12 thoughts on “CIA, MI6 Guilty in Two Extraordinary Rendition Cases – Tikun Olam תיקון עולם إصلاح العالم
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  1. See UK Supreme Court Rejects Jack Goldsmith’s Interpretation of GC IV . . . Rahmatullah continues to be detained by the U.S. — illegally, as the U.K.’s highest court has now made clear.

  2. Thank you, Haver. Good opinion, web-site new to me.

    Isn’t it odd that governments go to great trouble (or so it seems) to negotiate EXTRADITION treaties between themselves which involve the LEGAL (that is, court-tinged or law-tinged) removal of people from one country to another and then turn it all on its head with RENDITION, a system of out-and-out kidnapping or kidnapping-with-permission-of-dark-unsupervised-agencies-without-names. The nations (including or especially USA and UK) which used to criticize the human-rights “violations” of USSR and Nazi Germany are now happily joining those (unfairly, it now seems) criticized nations (nations which were only looking after their own “security” after all! in the way now enthusiastically adopted by the USA and UK).

    1. I am guessing that extradition requires a plausible charge of some kind, some basis for detaining and extraditing. Extraordinary rendition is aimed at obtaining plausible charges through “interrogation.” Thereupon, I suppose, the detainee is charged, extradited (in effect) and tried, or freed or disappeared. Without countervailing power, nations like people do anything they want, witness Israel, the US, or the UK. I think the instability in the world in our time is due, in part, to the absence of any balance of power.

      1. Re: I am guessing that extradition requires a plausible charge of some kind, some basis for detaining and extraditing.

        The Geneva Conventions have been universally ratified and declared to be customary law that is binding on non-signatories. States can’t extradite individuals during an armed conflict on the territory of another High Contracting Party. Article 49 of the Fourth Geneva Convention provides that:

        Individual or mass forcible transfers, as well as deportations of protected persons from occupied territory to the territory of the Occupying Power or to that of any other country, occupied or not, are prohibited, regardless of their motive.

        1. Interesting. So, Khaled al Masri could not have been extradited, as such. However, if he were charged with a crime, he could be tried. Again, extraordinary rendition perhaps aims at uncovering charges. I’m just trying to understand this stuff.

    2. I’m shocked that no one else has replied to Pabelmont’s insinuated claim that the US and UK violate human rights like Ussr and Nazi-Germany used to do.

      He even puts “violations” in inverted commas as if to say that the USSR and Nazi-Germany didn’t really violate human rights but there is only a sort of claim to this.

      The comparison is disgusting – violating on a small scale, while at war, is in no way even mentionable in the same breath as the atrocities (without inverted commas) committed on a massive scale by Stalin, Hitler and the cronies.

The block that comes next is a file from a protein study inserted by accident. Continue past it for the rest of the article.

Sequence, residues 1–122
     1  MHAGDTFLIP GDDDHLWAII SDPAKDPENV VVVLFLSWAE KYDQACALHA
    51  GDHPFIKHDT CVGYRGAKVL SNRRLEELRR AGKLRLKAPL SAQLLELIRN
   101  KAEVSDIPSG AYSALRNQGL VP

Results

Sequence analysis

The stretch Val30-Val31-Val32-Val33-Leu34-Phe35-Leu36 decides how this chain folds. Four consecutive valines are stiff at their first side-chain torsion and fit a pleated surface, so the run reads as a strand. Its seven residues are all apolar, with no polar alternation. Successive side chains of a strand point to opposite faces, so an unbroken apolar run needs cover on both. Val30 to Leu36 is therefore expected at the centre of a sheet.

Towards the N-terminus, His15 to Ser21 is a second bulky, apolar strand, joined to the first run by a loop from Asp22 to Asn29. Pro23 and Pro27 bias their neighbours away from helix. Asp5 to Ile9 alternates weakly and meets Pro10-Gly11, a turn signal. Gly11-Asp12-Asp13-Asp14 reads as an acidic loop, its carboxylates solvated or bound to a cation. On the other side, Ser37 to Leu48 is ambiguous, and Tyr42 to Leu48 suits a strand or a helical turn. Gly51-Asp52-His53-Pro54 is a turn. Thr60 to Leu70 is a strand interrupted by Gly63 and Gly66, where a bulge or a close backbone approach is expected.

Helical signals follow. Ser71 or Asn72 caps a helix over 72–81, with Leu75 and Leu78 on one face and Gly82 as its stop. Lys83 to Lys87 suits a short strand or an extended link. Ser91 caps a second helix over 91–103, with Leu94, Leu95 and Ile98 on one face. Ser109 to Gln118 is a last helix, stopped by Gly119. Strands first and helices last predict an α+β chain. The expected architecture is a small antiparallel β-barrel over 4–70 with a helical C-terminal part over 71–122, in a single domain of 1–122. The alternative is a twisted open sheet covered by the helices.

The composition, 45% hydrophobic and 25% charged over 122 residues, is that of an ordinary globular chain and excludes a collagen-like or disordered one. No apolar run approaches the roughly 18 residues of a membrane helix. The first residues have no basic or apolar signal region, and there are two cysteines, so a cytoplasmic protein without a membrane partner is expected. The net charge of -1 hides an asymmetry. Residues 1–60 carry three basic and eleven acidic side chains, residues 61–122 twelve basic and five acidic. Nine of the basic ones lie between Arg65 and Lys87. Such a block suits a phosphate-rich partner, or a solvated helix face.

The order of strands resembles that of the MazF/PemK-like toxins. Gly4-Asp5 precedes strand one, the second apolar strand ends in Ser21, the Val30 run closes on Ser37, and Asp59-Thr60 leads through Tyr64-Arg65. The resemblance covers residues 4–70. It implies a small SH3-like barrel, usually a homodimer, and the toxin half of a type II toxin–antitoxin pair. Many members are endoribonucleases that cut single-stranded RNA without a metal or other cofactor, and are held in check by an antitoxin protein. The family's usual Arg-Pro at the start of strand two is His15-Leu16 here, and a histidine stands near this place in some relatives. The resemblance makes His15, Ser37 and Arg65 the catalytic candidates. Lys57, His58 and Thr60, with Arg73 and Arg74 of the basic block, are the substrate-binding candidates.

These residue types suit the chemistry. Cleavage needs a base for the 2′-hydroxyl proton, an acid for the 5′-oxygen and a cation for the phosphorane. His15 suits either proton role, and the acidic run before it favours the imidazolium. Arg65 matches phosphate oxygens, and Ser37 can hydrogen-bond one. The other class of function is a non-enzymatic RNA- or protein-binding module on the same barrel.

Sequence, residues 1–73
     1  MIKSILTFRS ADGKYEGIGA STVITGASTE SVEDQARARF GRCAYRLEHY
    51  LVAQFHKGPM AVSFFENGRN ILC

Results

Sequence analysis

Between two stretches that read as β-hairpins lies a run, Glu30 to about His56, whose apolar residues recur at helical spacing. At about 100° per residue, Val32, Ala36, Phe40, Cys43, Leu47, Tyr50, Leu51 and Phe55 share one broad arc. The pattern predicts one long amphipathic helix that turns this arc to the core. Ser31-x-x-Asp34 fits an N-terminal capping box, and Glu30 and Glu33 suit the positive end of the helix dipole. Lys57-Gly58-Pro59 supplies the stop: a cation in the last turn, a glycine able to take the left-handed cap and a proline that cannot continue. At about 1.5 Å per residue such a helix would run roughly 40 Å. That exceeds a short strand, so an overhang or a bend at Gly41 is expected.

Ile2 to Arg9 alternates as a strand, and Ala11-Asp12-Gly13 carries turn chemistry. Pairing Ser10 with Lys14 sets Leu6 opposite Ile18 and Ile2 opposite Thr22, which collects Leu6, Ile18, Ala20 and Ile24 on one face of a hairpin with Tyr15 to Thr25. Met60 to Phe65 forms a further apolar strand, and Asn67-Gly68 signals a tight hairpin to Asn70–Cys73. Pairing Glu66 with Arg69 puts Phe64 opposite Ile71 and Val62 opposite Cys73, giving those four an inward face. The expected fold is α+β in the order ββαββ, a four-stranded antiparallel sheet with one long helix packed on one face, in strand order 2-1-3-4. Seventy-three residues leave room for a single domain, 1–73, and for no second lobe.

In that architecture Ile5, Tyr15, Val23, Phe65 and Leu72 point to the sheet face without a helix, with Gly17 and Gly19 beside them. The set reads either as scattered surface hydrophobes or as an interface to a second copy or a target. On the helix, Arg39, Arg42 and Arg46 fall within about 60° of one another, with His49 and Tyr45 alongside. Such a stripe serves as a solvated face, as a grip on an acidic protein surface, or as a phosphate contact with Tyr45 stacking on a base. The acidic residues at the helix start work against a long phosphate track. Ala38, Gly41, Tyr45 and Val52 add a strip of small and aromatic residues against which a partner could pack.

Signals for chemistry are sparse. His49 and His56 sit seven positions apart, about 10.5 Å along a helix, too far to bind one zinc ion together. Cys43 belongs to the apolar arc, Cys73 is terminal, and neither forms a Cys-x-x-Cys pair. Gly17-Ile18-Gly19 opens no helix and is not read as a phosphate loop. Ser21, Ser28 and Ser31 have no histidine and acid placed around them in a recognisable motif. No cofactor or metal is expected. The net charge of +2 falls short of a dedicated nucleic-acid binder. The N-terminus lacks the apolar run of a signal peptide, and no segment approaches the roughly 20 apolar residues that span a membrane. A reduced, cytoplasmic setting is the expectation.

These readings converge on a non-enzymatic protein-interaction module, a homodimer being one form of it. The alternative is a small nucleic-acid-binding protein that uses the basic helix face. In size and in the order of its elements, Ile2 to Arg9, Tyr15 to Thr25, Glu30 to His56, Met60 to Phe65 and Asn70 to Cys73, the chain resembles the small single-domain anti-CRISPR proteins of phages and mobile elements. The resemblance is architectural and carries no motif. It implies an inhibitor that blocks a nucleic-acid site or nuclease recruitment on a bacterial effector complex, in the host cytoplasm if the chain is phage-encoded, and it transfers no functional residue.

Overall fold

Pabelmont, withdraw your comparison!

      1. I think P was trying to say that “security” is often a cover for extrajudicial activities on the part of all these governments, including the US and UK: I don’t think anything quantitative was implied.

      2. The UK did this, only when Blair was in charge.
        During that time, it appears to have arranged a rendition from Hong Kong, to Libya, for the benefit of the Libyans rather than the Americans, for which Libya does seem to have put money into the Windrush Limited Partnership (a structure almost unique to Blair’s business dealings) for “consultancy services”.

        No, it’s not the same as Hitler: Mr Hitler doesn’t appear to have solicited specific personal financial rewards in return for rights violations. But the abuses are so concentrated on the Blair era, and, usually, Blair and his closest advisors directly, that I find blanket condemnation flung at the country, or even the rest of the UK government, to be both ignorant and unfair.

        Blair needs to be tried, not for “crimes against humanity” but for simple, grubby, gutter-level fraud and theft. Putting him on the same page in the history books as Hitler, Stalin, Amin and Mitterand (he signed the orders to arrest and transport Jews while he was a Vichy minister), elevates Blair to a position of importance he only pretends to. He’s just a sodding thief and all the other grand, sky-high schemes and pretensions are put on so that nobody will realize that he’s just a sodding thief.

  3. Watching, breath-held, for compensation to be handed to jihadi extraordinaire Abdulhakim Belhadj. He makes such good use of resources, not least in Syria. Anyone who does not know about his career, I suggest checking.

  4. There’s a widely-held sentiment that the £2M of compensation which the UK government agreed in the Libyan case, (without actually admitting fault), should come from the pocket of Anthony Charles Lynton Blair, rather than the taxpayer. This stems from the equally widely-held belief that his “deal in the desert” with Gaddafi was almost certainly engineered for his own financial benefit and not that of the British national interest.

    It could be argued, too, that paying this money “because the evidence to vindicate us cannot be produced in open court” is David Cameron’s way of blackmailing MPs into accepting his distinctly iffy plans for courts to hear evidence in secret.

    It’s hard to see anything worse for the public interest than Cameron attempting to use the disastrous outcome of one of Blair’s little self-enrichment schemes, to carry out some large-scale manipulation of his own.

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